Cloud holds promise for radiology image sharing

Health care's skepticism about cloud adoption has not hit radiology, where sharing images in the cloud sure beats film and CD-based alternatives. But compliance remains a concern.

While some health care decision makers might have reservations about the cloud, for certain niche applications

like radiology image sharing, the cloud beats the alternatives such as CD-ROMs schlepped via sneakernet.

Learn more about radiology image sharing

Bringing radiology imaging from PACS to PHR services

How interoperability improves radiology image sharing

Cloud services are helping radiologists share images with remote practitioners and patients outside their local networks’ PACS repositories, said Hamid Tabatabaie, CEO of Life Image Inc., which enables secure image delivery over the Web. That's a bit of a jump from 2010, when Tabatabaie said a robust health care cloud could be 10 years away.

Not only can CD-ROMs get lost, scratched or broken, there's no guarantee the receiving provider will be able to view images with the software on his computer. Web-based radiology image sharing eliminates those problems and, further supports any device with a Web browser, such as a tablet PC, iPad or smartphone.

Getting information out there in the cloud…is the next step. It's going to do that patient a lot more good if other people have access to it.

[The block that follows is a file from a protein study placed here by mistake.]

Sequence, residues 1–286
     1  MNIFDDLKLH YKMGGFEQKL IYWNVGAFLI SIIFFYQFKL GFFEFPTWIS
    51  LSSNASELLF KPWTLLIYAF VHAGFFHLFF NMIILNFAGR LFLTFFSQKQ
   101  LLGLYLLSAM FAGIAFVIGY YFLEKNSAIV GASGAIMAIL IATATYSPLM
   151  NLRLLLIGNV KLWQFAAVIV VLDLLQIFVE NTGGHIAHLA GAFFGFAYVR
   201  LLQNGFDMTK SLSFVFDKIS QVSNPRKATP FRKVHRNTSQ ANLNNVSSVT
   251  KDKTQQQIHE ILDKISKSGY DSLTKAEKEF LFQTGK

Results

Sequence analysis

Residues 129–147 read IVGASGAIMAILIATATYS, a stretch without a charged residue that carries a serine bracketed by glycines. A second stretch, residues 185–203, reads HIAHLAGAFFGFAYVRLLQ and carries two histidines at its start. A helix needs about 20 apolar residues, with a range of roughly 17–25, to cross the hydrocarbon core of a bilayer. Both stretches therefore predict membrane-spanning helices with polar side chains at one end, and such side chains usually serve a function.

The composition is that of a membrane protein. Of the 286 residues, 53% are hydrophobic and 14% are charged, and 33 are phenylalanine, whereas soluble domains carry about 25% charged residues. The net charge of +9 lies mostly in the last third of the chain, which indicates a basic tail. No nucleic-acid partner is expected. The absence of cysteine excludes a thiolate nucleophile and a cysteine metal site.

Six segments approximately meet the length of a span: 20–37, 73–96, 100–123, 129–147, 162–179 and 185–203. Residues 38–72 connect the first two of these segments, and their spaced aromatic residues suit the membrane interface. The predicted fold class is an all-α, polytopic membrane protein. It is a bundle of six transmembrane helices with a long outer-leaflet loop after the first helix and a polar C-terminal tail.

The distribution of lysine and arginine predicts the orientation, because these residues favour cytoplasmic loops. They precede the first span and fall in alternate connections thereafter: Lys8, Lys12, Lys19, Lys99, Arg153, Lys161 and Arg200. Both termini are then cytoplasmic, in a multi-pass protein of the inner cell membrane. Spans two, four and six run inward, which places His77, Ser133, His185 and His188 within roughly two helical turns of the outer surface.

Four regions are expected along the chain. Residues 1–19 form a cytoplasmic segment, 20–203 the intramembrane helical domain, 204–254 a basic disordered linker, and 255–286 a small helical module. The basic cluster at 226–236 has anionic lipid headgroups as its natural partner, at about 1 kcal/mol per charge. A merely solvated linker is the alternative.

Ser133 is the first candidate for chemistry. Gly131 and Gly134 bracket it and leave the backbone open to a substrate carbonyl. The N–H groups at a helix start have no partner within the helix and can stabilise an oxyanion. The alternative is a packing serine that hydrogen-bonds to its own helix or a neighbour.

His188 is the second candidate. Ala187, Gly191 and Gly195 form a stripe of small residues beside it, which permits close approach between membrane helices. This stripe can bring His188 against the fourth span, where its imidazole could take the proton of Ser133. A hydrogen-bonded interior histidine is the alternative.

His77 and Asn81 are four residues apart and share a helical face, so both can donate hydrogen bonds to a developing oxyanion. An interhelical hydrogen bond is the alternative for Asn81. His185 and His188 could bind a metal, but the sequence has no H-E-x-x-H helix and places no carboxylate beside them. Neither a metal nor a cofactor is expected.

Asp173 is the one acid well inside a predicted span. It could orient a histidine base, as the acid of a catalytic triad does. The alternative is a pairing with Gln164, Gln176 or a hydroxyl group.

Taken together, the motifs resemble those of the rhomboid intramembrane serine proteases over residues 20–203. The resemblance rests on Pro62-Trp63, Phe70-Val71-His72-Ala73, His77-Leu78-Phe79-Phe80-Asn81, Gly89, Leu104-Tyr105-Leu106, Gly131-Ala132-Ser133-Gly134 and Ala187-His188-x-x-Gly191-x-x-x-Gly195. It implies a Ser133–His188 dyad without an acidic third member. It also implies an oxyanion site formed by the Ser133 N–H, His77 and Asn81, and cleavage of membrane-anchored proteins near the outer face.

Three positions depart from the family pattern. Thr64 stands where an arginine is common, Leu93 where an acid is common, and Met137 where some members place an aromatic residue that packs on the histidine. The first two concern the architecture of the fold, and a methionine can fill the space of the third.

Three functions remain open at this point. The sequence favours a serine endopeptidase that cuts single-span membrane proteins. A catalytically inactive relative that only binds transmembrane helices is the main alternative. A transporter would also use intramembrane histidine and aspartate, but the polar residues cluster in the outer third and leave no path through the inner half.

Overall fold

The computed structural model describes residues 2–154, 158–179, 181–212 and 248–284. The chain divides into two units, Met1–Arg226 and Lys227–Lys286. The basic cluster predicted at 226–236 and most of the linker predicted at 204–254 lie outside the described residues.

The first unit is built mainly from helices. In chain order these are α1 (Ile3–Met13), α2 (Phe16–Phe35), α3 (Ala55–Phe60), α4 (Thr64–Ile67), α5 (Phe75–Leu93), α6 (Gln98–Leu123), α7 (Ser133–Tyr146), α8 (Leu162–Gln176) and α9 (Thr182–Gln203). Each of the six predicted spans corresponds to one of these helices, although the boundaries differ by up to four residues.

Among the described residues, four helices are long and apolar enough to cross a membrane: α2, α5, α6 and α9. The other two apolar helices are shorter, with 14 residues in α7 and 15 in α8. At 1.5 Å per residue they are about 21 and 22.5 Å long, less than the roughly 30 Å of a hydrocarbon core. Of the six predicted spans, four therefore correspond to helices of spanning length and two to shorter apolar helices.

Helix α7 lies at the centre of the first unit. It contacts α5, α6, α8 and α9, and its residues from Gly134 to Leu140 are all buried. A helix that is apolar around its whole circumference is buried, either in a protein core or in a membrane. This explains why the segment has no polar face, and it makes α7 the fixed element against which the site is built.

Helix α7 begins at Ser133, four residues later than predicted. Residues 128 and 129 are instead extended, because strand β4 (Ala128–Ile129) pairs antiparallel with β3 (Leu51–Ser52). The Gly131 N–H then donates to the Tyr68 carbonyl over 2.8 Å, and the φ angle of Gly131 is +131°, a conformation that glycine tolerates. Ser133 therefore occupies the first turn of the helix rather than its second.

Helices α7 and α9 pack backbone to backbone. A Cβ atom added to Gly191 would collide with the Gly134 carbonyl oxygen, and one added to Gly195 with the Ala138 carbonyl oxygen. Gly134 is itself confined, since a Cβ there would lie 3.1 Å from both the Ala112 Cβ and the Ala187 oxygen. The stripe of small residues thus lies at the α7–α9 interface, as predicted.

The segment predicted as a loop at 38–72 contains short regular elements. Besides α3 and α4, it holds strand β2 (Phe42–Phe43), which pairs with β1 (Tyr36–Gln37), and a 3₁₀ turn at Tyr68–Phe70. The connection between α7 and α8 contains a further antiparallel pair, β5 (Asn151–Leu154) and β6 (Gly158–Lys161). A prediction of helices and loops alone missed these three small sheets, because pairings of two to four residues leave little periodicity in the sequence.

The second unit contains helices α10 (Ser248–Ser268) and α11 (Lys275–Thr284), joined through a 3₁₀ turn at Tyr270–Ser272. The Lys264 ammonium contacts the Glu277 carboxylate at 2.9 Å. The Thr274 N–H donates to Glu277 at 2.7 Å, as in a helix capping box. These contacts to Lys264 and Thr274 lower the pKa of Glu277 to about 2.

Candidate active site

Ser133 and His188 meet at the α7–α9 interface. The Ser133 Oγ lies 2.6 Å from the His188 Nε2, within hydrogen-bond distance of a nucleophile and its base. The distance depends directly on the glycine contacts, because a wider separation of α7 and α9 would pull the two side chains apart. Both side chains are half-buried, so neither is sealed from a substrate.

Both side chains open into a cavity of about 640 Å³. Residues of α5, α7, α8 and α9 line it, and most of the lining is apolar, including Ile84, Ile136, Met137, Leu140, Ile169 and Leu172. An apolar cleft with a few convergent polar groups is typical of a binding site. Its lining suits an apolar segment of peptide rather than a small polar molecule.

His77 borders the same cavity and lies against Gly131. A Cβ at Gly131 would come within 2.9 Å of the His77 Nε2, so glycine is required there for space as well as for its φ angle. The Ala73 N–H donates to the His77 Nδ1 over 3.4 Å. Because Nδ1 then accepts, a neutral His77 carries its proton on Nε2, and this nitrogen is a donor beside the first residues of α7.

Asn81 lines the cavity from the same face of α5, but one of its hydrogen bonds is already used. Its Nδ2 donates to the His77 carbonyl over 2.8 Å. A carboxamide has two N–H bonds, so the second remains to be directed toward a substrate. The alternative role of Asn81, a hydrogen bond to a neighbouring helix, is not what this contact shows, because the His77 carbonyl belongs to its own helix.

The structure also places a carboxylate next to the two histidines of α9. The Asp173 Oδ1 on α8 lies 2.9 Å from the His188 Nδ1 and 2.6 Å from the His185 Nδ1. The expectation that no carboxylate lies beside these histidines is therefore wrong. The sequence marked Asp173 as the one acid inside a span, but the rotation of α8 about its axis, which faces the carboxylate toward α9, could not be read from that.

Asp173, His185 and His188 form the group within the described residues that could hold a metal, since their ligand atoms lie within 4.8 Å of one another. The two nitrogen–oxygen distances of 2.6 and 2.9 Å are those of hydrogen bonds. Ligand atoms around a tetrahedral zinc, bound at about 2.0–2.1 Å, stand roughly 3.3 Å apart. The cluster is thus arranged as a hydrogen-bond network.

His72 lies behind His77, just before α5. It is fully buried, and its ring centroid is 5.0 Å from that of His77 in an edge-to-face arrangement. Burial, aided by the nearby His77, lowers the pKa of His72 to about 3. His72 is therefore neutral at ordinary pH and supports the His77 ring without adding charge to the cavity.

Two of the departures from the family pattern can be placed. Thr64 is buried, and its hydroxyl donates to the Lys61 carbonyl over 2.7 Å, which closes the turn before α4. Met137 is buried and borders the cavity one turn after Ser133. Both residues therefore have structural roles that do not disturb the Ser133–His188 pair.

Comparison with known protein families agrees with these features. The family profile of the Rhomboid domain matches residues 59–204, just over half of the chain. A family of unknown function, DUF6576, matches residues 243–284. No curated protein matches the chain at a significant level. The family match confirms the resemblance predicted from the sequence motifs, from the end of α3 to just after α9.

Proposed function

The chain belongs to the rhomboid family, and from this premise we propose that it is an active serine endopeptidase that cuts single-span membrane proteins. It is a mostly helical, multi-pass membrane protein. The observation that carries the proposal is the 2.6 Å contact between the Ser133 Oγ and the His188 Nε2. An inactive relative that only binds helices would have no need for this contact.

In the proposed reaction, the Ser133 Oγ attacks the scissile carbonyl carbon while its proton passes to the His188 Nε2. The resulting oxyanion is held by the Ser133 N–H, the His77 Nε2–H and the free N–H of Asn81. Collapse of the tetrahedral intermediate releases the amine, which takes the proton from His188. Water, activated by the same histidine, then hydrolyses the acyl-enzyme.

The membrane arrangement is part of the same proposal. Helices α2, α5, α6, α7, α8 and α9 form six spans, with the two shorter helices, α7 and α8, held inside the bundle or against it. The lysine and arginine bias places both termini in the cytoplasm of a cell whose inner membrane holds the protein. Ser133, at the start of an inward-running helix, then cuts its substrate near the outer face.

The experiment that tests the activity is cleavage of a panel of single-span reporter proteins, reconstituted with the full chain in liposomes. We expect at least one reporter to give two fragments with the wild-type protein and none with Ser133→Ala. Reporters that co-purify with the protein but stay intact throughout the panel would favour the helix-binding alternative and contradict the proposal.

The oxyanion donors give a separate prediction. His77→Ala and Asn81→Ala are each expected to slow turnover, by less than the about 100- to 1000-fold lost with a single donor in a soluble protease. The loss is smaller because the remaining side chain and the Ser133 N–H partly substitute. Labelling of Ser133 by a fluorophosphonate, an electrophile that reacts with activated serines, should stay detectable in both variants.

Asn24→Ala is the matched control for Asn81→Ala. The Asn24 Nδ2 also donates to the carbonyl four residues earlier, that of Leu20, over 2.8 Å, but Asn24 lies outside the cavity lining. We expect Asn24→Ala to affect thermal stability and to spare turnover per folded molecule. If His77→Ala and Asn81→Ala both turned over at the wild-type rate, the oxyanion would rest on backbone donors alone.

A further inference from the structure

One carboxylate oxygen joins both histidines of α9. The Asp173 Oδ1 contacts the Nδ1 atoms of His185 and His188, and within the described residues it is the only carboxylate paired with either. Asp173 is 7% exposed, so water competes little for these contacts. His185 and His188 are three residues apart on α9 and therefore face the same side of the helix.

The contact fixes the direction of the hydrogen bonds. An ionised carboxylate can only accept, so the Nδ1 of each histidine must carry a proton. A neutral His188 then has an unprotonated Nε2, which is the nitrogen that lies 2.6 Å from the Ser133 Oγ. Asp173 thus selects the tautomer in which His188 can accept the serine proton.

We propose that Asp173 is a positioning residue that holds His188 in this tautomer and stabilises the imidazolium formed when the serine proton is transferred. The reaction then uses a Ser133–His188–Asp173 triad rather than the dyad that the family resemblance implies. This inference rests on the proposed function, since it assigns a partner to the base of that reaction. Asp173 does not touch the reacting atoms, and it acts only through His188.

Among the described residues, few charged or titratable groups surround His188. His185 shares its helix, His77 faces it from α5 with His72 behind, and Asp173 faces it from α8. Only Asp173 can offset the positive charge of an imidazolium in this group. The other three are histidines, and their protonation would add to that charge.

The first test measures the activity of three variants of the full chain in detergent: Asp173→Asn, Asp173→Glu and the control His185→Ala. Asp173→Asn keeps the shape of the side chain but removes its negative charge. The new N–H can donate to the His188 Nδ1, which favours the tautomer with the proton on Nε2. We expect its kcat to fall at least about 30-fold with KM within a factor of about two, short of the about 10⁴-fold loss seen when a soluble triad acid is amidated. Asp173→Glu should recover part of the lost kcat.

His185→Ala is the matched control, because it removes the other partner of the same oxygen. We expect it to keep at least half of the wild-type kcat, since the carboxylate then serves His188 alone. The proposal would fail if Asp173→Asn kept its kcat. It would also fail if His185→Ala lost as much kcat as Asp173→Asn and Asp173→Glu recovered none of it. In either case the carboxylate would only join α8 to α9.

Keith Hentel, M.D., emergency/musculoskeletal radiology chief, NewYork Presbyterian Hospital and Weill Cornell Medical Center

Keith Hentel, M.D., emergency/musculoskeletal radiology chief at New York Presbyterian Hospital and Weill Cornell Medical Center, said his facility uses LifeImage because of its straightforward Web interface. Getting such a cloud service approved by the CEO and CIO wasn't simple -- they had reservations, both philosophical and technical -- and it required a thorough vetting process by the IT department's security team. Eventually, the facility determined the pros outweighed the potential cons, and signed up.

"Getting information out there in the cloud…is the next step," Hentel said. "The way that I look at it, that patient's images aren't really my practice's images. [They are] that patient's images. It's going to do that patient a lot more good if other people have access to it. It's what has to happen as time evolves."

Moving forward, the key to any cloud service's success -- besides security -- is the ability to track and audit who accessed the data and when, both Hentel and Tabatabaie said. Not only will it help prove HIPAA compliance, but it will also build user confidence on both the patient and health care provider sides of the equation.

Let us know what you think about the story; email Don Fluckinger, Features Writer or contact @DonFluckinger on Twitter.

This was first published in February 2012

Dig deeper on Health care cloud applications and services

Pro+

Features

Enjoy the benefits of Pro+ membership, learn more and join.